“Estrogen receptor (ER) mutations can be easily detected in the plasma of patients with metastatic breast cancer and may hold the key to targeted treatments for women with endocrine-resistant disease, according to new analysis of patients in the BOLERO-2 trial.
” ‘Patients who had mutations had a shorter median survival than those who did not…and patients with different mutations might have different responses to therapies,’ Sarat Chandarlapaty, MD, PhD, a breast medical oncologist from Memorial Sloan Kettering Cancer Center in New York reported at the San Antonio Breast Cancer Symposium.
“BOLERO-2 enrolled postmenopausal women with metastatic, endocrine-resistant, ER-positive breast cancer and changed the standard of care in this setting, as reported by Medscape Medical News.”
The gist: A clinical trial with volunteer patients tested a treatment for postmenopausal women with HR-positive, HER-2–negative advanced breast cancer. The treatment combines the drugs everolimus and exemestane. The clinical trial compared it to exemestane alone. The combination did NOT appear to give longer overall survival rates than exemestane alone.
“The addition of everolimus to exemestane extended OS in postmenopausal women with HR-positive, HER-2–negative advanced breast cancer, but the difference was not statistically significant, according to results of the BOLERO-2 study.
“BOLERO-2 is a randomized phase 3, double blind, international trial.
“Prior results showed the addition of 10 mg daily everolimus (Afinitor, Novartis) — an inhibitor of mammalian target of rapamycin (mTOR) — to 25 mg daily exemestane significantly extended PFS compared with exemestane alone (7.8 months vs. 3.2 months; P<.001).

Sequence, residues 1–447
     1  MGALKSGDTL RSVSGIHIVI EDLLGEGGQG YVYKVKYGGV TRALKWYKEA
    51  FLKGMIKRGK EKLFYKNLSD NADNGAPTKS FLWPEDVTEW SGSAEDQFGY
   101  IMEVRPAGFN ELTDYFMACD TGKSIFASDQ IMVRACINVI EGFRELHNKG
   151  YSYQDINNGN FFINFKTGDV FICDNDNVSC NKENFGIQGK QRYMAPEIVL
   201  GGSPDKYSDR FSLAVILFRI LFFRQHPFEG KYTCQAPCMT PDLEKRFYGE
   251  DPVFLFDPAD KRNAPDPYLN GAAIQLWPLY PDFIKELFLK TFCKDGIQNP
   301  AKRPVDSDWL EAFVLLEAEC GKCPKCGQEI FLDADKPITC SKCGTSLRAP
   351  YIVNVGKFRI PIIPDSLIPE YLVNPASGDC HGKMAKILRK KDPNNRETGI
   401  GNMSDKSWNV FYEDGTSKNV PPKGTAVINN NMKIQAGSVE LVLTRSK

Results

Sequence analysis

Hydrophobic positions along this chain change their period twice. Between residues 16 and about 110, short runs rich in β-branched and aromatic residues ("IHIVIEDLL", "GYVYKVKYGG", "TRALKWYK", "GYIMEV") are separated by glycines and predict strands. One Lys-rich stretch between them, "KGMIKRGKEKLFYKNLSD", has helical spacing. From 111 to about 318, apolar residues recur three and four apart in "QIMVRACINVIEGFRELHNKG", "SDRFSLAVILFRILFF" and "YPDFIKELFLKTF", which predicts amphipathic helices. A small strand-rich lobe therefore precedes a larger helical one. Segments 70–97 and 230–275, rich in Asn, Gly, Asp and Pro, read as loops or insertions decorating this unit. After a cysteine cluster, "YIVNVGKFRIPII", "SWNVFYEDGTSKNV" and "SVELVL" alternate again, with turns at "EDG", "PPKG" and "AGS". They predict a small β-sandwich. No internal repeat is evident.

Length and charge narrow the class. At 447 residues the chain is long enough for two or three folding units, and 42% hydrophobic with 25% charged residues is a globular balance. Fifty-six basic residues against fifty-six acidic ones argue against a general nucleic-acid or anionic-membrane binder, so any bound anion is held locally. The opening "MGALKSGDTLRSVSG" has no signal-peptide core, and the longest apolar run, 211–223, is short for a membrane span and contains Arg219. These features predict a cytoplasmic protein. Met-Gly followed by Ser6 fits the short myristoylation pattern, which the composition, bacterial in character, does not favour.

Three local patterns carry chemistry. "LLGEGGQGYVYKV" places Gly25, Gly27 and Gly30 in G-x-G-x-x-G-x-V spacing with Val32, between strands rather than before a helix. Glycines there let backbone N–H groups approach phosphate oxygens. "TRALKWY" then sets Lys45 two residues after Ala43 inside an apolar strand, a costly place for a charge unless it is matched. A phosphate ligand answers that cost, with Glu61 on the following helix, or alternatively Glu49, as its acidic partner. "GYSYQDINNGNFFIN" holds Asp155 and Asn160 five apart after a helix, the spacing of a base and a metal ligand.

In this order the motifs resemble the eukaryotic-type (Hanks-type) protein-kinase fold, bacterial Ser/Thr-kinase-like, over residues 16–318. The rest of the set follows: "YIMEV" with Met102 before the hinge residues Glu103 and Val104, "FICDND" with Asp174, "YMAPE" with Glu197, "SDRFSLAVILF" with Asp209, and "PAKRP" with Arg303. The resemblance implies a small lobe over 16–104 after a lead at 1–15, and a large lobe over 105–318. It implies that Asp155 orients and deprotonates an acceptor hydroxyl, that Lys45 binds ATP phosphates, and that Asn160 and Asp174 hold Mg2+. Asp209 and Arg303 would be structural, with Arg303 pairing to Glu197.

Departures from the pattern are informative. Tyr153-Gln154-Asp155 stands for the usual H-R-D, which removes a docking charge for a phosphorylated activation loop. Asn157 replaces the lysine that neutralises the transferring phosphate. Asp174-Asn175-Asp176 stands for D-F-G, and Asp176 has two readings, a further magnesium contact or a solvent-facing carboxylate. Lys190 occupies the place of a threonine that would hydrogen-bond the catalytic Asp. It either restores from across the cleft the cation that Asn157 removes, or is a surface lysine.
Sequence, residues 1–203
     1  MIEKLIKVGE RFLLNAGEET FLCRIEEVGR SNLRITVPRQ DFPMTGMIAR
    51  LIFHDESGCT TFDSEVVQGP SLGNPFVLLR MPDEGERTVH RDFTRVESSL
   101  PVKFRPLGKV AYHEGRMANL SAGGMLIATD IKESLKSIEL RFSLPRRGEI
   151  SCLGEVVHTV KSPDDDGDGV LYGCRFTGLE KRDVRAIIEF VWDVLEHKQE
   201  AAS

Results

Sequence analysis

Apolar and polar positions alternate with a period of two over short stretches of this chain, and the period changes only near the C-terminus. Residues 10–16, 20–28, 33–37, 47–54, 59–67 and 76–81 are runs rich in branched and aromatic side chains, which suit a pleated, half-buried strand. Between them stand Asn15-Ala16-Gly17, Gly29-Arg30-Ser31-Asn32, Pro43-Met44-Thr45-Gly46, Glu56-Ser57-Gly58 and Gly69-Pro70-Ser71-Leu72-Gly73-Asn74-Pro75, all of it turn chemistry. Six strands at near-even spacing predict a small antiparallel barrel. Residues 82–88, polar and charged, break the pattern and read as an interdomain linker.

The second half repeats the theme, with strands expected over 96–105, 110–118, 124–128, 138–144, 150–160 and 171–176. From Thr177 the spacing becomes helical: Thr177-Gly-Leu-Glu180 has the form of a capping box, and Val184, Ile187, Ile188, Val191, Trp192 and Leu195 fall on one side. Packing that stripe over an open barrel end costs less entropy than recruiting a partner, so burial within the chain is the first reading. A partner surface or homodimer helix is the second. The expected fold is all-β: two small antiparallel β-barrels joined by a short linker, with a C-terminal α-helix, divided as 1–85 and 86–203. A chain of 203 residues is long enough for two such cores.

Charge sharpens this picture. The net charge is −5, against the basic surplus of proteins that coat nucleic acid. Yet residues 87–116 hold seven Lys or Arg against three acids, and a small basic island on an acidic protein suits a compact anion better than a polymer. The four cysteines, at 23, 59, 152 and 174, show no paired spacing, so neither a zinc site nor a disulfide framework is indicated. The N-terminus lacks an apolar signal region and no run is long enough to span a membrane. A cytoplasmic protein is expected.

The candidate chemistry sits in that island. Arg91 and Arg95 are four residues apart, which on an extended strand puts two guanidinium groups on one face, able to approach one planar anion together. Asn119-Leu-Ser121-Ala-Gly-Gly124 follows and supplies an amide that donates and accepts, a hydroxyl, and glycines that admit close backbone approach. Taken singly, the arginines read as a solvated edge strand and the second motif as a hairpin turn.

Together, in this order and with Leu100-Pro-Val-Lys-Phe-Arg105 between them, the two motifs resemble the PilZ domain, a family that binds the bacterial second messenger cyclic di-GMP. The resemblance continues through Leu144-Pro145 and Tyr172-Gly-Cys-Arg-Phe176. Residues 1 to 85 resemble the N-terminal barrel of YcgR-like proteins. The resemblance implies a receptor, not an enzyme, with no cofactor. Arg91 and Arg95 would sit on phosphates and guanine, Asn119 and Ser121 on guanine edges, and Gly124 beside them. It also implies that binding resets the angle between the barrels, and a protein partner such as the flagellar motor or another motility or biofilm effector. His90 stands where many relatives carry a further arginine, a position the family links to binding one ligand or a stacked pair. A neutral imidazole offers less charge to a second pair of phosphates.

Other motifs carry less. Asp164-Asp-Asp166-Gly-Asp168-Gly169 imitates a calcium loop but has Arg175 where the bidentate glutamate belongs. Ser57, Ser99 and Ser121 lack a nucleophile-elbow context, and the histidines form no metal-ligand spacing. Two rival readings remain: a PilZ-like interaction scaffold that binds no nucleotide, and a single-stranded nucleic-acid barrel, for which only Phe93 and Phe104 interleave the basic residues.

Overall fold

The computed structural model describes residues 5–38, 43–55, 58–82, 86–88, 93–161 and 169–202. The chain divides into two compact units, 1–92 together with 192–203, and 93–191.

“In the current study, Martine Piccart, MD, PhD, professor of oncology at the Université Libre de Bruxelles in Belgium and director of medicine at Institut Jules Bordet, and colleagues presented OS outcomes as part of a prospectively planned secondary-endpoint analysis.
“Results showed patients assigned the combination demonstrated longer median OS (31 months vs. 26.6 months; HR=0.89; 95% CI, 0.73-1.1), but the difference was not statistically significant.
“ ‘Ongoing translational research should further refine the benefit of mTOR inhibition and related pathways in this treatment setting,’ Piccart and colleagues wrote.”
The gist: This article discusses the results of a clinical trial—a research study with volunteer patients. The trial tested a new treatment for patients with advanced, HR-positive, HER-2-negative invasive lobular carcinoma. The new treatment combines the drugs everolimus and exemestane. The researchers found that it significantly prolonged the amount of time patients lived without their cancer worsening.
“The addition of everolimus to exemestane significantly prolonged PFS in a subset of patients with HR-positive, HER-2–negative advanced breast cancer who had invasive lobular carcinoma at baseline, according to a subanalysis of the BOLERO-2 trial presented at the Breast Cancer Symposium.
“Gabriel N. Hortobagyi, MD, FACP, professor of medicine in the department of breast medical oncology at The University of Texas MD Anderson Cancer Center, and colleagues evaluated data from 104 patients with invasive lobular carcinoma. The cohort included patients with predominantly peritoneal, gastrointestinal and ovarian metastases.
“Patients received exemestane (Aromasin, Pfizer) with everolimus (Afinitor, Novartis; n=64) or placebo (n=40).
“The median age of the patients was 63 years, and 47.1% had measurable disease. Thirty-six percent of patients had visceral metastases of the lung, liver, pleural and peritoneum; 10% had lung metastases; and 23% had liver metastases.”